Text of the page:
The final secondary PCR product of tpi gene-positive for assemblages A & B digested by RsaI restriction endonuclease enzyme (RFLP) assay which helps us to classify into sub assemblages like AI, AII, BIII, BIV, and mixed types, respectively. Of the 500 samples from the rural setting 14 (2.8%) were symptomatic and 215 (43%) were asymptomatic; however, from urban setting, out of the 506 samples 29 (5.7%) were symptomatic and 116 (22.9%) were asymptomatic. All these were confirmed cases of G. intestinalis using PCR. Hence, the distribution of G. intestinalis sub-assemblages among the symptomatic and asymptomatic participants in both rural and urban settings is shown in [Table 2] and [Table 3]. No significant difference was found between the G. intestinalis assemblages of the symptomatic and asymptomatic children, as shown in [Table 4]. Most of the cases of giardiasis were noticed in children belong less than 10 years of age.
Table 2: Prevalence of Giardia intestinalis assemblages among the cases confirmed by polymerase chain reaction (n=424)

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Table 3: Distribution of Giardia intestinalis assemblage (s) and sub-assemblage (s) among symptomatic and asymptomatic in Rural population (n=500)

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Table 4: Distribution of Giardia intestinalis assemblage (s) and sub-assemblage (s) among symptomatic and asymptomatic in urban population (n=506)

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   Discussion Top

It is a known fact that Giardia infection occurs in human directly through fecal-oral and ingestion of parasite cysts from the contaminated water or food and also the mode of transmission could be a zoonotic origin.[15],[16] The severity of the parasite infection depends on the number or load of cysts ingested (10 cysts or more is infectious).[17] However, studies say that to determine the prevalence of giardiasis in a community, it depends on water sanitation and personal hygiene status.[18] In developing counties, the most important social health problem commonly encountered among children is intestinal parasitic infection. In the rural population, our results showed that 108 (21%), 116 (23.2%), and 5 (1%), whereas in the urban population, 92 (18.1%), 93 (18.3%), and 10 (1.9%) positive isolates of G. intestinalis belonged to assemblages A, B, and mixed types, respectively. Our findings results are in agreement with the increased overall prevalence of assemblage B in the world when compared with assemblage A and mixed assemblage A + B. Our results were found to be alike to some studies carried out in Bangladesh,[19] Philippines,[20] England,[21] Netherlands,[22] and Brazil,[23] but different results were reported from Korea[24] and Mexico[25] where assemblage A was the majority. Our study results showed that the prevalence of giardiasis in Pondicherry was much higher than previous studies conducted by other states in India and other countries. This may be due to sanitary conditions improvement, health-care facilities, and health education in the others states of India and other countries during recent years.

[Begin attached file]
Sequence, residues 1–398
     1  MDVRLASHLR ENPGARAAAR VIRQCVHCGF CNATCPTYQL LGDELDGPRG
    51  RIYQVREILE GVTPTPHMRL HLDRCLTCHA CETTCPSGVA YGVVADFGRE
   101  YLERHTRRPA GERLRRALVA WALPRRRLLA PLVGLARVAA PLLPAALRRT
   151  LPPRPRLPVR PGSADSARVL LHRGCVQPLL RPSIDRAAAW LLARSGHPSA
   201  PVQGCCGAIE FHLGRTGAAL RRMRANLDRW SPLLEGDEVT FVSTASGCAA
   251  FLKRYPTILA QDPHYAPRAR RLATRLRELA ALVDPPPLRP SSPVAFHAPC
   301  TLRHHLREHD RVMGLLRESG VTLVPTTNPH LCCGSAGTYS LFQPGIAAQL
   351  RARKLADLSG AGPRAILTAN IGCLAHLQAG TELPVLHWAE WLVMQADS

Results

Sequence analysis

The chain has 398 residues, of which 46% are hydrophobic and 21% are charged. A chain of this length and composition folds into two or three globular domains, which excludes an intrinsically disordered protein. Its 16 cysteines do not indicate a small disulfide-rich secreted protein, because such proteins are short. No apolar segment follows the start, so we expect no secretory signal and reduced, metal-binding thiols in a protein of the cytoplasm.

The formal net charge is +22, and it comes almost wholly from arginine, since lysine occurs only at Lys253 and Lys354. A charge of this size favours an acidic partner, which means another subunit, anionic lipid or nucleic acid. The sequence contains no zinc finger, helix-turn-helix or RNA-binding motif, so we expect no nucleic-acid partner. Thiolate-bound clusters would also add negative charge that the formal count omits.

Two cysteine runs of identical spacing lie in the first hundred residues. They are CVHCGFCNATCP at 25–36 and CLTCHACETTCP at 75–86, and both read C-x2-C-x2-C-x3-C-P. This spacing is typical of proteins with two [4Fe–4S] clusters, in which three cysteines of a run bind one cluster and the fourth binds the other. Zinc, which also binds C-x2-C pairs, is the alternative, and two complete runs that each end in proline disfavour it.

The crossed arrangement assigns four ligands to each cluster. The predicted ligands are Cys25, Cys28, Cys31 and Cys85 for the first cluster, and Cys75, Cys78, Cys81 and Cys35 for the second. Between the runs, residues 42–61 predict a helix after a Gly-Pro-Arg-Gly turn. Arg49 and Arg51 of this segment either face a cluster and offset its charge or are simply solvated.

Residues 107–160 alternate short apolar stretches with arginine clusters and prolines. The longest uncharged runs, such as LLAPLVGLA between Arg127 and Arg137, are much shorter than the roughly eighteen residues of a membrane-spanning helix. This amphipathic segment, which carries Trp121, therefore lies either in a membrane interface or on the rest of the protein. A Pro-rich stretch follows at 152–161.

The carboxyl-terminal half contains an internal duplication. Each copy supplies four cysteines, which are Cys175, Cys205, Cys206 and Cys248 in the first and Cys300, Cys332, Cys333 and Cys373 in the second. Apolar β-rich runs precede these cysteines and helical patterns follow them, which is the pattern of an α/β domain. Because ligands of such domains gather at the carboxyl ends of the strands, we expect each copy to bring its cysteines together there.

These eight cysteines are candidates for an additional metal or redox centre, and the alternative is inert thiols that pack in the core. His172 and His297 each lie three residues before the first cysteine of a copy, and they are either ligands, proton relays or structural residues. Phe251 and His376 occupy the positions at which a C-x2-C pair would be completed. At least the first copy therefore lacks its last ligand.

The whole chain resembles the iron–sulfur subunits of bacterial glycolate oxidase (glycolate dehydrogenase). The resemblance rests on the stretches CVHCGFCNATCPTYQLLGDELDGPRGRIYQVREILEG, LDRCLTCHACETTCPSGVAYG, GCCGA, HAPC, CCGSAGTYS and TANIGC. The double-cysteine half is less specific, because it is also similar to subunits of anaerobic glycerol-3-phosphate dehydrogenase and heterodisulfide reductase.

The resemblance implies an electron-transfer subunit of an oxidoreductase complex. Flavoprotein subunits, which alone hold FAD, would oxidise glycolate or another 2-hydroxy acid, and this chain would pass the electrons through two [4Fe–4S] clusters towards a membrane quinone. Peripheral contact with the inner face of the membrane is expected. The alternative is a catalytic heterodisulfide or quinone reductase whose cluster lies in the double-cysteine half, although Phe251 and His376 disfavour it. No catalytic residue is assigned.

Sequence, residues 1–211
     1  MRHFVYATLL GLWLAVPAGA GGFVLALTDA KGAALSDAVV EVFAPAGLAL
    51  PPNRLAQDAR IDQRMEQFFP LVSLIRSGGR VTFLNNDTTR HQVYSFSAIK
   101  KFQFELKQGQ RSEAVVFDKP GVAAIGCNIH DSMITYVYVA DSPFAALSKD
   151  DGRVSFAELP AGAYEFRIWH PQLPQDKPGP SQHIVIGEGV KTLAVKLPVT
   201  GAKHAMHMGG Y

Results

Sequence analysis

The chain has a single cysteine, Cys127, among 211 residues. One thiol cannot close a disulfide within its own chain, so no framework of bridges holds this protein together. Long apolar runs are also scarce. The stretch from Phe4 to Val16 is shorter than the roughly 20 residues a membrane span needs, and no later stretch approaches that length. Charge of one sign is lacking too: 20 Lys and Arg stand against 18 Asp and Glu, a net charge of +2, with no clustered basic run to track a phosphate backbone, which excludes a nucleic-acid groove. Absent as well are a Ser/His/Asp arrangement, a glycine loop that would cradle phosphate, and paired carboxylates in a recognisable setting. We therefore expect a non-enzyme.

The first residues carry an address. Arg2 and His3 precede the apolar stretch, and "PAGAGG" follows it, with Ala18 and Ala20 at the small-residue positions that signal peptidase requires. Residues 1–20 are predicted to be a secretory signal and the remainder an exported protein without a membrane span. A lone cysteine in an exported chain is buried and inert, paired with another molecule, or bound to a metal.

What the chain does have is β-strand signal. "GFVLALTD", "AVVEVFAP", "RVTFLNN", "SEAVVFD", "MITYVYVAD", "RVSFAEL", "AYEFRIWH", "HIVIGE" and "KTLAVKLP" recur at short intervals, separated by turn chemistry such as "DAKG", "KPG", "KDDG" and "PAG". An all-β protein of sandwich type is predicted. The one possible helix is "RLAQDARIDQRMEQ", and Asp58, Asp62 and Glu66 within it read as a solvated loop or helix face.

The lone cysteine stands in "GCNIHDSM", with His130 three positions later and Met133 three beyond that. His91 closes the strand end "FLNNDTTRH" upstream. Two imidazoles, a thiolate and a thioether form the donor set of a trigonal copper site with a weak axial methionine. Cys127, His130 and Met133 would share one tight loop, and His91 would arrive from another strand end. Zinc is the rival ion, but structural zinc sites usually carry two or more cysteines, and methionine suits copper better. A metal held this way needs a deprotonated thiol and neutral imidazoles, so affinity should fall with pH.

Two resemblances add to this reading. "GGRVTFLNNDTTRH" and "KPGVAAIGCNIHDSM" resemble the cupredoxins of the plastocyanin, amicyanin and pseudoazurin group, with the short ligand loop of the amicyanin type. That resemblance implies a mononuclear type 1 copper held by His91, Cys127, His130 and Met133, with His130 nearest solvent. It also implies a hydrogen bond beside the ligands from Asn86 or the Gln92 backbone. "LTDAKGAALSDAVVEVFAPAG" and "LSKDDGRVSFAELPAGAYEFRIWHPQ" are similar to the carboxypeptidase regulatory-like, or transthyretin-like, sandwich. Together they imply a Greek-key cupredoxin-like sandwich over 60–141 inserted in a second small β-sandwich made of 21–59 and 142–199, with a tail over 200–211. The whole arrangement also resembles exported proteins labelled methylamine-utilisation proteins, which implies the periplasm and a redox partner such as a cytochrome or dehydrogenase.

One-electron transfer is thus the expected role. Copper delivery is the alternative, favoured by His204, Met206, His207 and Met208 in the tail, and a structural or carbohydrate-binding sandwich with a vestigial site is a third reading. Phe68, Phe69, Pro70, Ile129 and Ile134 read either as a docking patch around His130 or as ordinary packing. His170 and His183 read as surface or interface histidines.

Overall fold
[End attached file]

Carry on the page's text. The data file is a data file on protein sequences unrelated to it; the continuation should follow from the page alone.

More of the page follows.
A further classification of the assemblages A and B into subassemblages based on RFLP of the tpi gene segments of the final secondary PCR product showed that cysts belonged to sub-assemblage AI, AII, and AI + AII, some samples belonged to the BIII, BIV, and BIII + BIV and some showed mixed types infection such as AI + BIII, AII + BIV, BIII + AII, and BIV + AI, respectively. Previous reports specified that the AI sub-assemblage and B assemblage have a very wide host range infections, which included domestic animals and cattle while the AII sub-assemblage is more limited to a precise host of human infections.[15],[26] Thus, it is probable that the AI and B infections types found in this study could be through zoonotic route while the AII infection type could be through anthroponotic route.

In some of the previous studies, Giardia infection by assemblage B has been correlated with severe symptomatic diarrheal cases,[27],[28] while in the other study, the results showed a significant association between assemblage A with severe symptoms presented and some studies have shown does not have significant between assemblages with clinical symptomology.[29],[30] However, in our study, all positive cases majority were found to be assemblage B, the correlation of different assemblages with symptomatic and asymptomatic giardiasis cases does not have any significance.